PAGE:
As usual, click any photo to bring up a larger version.
So, I got the urge to make some new trivets...
I made these trivets almost 15 years ago. The one on the left is cherry, and the one on the right is maple. They've been used almost daily since then. These were an extremely simple project, as you just take a piece of square wood and then run it over the dado blade to make those grooves. The cuts are halfway through the board, and after each cut you flip the board over, turn it 90 degrees, and make anouther cut. The result is the pleasing waffle-type look to the trivet.
The downside is that the one on the left is rather fragile, since the cuts were so close together. First the remaing strips of wood are just very narrow, so they break easily. But also remember that half the cuts are cross-grain cuts, which means the leftover wood is that much more fragile since it is across the grain.
The maple trivet was not so fragile, as I left wider strips of wood behind, but this one warped almost immediately. You can see the curve in the photo. This is possibly because it's a trivet, so it may be exposed to damp pots. Or more likely it is because I removed so much wood that it removed some of the strength and rigidity from the original board which allowed the wood to move in this way.
Bear in mind, I'm a woodworker. So I like making new things, and I always have extra scraps of wood laying around. So it is really no big deal to make some new trivets. But on the other hand, that doesn't mean that I want to inentionally make something that is fragile or prone to warping.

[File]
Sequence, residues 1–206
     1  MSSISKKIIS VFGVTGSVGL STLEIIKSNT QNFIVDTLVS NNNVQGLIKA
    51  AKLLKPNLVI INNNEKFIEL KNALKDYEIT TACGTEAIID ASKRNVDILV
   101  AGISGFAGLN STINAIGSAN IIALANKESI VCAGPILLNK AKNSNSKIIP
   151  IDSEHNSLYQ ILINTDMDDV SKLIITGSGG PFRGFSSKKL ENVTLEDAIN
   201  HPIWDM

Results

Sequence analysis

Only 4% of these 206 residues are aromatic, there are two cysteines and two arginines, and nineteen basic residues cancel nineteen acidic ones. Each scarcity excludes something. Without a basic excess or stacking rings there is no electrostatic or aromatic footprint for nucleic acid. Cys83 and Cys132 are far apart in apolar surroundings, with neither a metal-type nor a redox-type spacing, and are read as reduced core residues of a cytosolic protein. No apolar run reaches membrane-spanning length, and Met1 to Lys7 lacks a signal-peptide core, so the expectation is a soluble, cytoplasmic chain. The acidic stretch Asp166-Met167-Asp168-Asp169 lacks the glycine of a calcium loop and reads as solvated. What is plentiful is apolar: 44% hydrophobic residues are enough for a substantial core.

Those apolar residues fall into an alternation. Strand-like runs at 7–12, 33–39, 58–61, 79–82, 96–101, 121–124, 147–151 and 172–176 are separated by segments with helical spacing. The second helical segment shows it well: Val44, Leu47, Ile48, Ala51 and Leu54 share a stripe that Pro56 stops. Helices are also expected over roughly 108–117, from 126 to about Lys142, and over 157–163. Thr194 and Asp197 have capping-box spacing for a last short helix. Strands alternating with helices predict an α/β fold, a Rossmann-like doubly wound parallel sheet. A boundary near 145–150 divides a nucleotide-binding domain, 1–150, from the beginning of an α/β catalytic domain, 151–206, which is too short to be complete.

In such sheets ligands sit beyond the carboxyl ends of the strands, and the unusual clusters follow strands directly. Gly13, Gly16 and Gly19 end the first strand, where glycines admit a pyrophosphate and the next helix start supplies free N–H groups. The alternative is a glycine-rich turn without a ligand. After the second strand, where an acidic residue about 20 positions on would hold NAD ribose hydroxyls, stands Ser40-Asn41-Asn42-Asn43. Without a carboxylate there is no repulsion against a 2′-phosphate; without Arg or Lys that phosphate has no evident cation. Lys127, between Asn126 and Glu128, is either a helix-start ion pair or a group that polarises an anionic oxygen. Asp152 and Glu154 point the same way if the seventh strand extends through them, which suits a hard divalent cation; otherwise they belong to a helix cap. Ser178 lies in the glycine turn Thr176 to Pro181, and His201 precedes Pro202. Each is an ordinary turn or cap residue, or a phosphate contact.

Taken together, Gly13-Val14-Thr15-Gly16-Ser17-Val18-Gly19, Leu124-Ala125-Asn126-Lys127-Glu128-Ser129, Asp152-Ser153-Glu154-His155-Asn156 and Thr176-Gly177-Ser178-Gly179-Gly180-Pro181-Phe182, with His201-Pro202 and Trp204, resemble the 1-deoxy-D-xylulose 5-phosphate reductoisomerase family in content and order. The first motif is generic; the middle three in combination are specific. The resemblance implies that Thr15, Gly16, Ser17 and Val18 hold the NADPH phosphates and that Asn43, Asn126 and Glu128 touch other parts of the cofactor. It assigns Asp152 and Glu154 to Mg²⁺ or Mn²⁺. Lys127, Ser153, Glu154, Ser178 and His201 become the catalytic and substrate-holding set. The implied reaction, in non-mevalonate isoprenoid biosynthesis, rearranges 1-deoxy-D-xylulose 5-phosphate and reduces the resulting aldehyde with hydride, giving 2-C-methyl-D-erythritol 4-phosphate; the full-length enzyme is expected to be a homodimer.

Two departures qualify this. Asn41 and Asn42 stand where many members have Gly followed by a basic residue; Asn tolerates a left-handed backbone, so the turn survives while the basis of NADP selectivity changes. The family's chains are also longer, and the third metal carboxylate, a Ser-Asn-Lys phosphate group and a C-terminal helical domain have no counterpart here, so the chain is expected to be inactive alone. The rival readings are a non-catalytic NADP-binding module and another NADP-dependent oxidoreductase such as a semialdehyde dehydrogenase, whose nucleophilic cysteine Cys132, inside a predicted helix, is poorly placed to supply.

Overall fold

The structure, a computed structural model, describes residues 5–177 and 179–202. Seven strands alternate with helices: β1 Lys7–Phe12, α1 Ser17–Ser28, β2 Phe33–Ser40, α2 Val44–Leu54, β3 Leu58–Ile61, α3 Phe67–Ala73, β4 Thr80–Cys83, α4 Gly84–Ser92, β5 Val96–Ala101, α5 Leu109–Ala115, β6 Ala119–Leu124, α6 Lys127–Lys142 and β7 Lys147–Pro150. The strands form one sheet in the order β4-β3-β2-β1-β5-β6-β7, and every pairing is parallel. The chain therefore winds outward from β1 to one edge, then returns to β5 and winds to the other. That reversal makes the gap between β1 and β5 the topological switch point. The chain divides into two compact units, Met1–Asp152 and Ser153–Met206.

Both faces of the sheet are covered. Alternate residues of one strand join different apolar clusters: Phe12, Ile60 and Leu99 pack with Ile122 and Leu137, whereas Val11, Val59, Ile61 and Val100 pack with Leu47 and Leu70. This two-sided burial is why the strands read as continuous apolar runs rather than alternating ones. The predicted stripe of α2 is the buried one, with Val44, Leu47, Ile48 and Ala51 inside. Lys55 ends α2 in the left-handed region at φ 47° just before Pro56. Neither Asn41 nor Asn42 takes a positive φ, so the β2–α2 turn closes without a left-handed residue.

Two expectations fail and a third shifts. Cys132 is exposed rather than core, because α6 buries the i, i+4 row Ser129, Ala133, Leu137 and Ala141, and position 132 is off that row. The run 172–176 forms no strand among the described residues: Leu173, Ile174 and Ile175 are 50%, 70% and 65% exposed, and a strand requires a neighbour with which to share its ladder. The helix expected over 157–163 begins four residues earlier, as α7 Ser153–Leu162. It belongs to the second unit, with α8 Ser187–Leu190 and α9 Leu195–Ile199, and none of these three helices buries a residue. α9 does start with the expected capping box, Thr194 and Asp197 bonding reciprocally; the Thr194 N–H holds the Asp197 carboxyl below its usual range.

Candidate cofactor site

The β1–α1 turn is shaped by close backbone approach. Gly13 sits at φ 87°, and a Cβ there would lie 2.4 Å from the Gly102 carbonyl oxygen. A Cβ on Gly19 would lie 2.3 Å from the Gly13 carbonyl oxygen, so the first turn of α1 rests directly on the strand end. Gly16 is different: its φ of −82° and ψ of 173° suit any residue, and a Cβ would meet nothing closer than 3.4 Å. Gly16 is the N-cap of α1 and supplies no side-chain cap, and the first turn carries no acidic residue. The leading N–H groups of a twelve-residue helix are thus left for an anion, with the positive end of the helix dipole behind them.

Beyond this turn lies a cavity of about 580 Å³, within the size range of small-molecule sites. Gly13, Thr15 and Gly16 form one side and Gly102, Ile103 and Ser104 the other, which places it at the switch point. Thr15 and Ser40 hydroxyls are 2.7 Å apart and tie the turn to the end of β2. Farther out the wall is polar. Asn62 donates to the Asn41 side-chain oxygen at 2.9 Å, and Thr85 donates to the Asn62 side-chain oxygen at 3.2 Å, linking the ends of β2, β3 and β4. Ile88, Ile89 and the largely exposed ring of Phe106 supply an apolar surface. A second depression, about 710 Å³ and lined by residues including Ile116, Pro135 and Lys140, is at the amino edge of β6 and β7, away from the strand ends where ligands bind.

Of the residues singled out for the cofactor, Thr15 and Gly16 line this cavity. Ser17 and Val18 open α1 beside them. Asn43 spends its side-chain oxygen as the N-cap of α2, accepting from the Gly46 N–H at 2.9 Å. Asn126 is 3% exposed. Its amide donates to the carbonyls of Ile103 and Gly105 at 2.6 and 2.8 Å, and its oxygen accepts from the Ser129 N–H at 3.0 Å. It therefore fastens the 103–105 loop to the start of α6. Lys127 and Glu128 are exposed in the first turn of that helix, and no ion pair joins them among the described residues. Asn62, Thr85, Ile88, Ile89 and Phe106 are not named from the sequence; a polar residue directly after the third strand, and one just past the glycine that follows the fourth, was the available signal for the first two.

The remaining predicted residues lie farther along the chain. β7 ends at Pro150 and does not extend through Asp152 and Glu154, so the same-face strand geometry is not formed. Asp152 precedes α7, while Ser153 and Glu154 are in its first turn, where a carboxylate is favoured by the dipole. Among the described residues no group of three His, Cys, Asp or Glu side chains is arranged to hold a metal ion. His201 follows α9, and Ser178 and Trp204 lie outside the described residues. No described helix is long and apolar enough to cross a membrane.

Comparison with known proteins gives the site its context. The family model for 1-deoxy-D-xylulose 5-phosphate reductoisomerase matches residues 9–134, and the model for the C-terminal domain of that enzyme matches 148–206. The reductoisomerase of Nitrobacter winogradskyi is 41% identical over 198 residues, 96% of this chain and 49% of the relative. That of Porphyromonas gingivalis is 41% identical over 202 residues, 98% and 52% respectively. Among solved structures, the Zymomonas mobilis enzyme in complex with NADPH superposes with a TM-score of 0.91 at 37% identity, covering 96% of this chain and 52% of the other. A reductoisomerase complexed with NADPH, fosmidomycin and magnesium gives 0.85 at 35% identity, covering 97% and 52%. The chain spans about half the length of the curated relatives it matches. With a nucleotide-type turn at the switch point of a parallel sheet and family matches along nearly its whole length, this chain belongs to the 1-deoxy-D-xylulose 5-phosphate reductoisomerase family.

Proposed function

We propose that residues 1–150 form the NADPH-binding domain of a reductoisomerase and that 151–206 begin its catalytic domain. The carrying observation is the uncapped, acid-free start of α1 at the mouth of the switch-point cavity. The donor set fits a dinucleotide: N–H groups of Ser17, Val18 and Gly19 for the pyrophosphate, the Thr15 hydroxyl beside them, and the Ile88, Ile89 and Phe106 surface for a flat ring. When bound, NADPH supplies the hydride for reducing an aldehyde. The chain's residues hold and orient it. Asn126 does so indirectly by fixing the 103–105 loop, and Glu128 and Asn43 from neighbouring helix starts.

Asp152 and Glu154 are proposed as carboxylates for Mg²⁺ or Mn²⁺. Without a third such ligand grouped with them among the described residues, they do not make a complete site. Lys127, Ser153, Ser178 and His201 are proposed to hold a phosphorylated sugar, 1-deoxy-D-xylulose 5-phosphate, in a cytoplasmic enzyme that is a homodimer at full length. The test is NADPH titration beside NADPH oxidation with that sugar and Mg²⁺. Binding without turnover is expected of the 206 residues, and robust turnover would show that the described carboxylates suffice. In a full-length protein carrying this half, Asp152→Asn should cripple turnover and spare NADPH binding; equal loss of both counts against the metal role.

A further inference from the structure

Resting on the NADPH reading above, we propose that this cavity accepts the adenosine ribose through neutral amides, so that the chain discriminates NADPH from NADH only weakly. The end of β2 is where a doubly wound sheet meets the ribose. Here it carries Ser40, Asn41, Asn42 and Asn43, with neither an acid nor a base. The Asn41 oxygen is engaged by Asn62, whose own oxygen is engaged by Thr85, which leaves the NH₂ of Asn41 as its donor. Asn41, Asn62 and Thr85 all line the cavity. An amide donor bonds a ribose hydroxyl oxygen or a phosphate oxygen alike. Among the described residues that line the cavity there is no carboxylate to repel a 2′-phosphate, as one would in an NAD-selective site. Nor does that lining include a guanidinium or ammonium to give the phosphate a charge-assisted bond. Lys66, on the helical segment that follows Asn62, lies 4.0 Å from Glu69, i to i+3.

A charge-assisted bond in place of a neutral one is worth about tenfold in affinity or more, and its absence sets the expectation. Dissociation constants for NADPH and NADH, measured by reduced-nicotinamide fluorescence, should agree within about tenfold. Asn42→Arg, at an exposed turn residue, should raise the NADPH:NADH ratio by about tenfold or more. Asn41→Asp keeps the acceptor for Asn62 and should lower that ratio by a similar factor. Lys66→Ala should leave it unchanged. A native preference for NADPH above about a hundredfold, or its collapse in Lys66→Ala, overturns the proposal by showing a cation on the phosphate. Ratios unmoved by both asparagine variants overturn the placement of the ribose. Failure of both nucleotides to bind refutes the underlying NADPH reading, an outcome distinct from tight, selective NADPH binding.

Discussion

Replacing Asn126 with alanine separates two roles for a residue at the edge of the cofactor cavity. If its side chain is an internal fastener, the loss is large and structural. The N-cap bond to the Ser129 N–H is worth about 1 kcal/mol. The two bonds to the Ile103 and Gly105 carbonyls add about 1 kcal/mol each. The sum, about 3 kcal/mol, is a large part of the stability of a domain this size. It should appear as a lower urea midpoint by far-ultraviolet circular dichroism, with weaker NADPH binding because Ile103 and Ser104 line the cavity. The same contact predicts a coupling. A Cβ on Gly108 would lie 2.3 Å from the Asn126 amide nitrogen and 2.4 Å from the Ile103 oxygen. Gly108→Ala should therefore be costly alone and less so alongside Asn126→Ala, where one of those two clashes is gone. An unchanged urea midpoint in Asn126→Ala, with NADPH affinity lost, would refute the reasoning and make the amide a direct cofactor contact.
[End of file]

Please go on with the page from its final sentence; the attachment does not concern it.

In order to avoid warping, I thought to glue up small strips of wood, much as I do when making a cutting board. This would also allow me to put together contrasting wood, which I love to do as I think it makes for a lovely piece. But I also wanted to come up with some sort of a design to cut or drill into the piece. At first I was thinking to come up with some overlapping holes, and I tried a few designs in sketchup, illustrated here. (These two images are the front and back view of the same trivet. The holes go halfway through.)
(And yes, those overlapping holes are partially inspired by the 2019 macintosh pro case.)
But I was not liking the look of the overlapping holes which led me to think about trivets in general. I am so used to seeing trivets with some sort of air gaps cut into it that my inclination is that they are "mandatory". But are they really? Here is a trivet that my dad made for us about 30 years ago. It is a ceramic tile set into a frame (in fact a spare tile from a renovation of my childhood home). It doesn't have any holes at all and works fine. On reflection, a trivet is there to insulate the table from a hot pot -- protect the table top from burns or similar damage. Does it really even need holes? Probably not, but I still kind of like the look.
In the end, I settled on this as one design that I wanted to make - a series of holes. There is one hole in the center, then another set of holes arranged in a circle around that, and then a second set arranged in another larger circle. I printed this out at 100% and used it as a template to drill out the 3/4" diameter holes.
I made a prototype trivet out of a piece of scrap cherry to see if I liked the pattern, and I did. In fact, this turned out so well that I think I'll keep it as a trivet.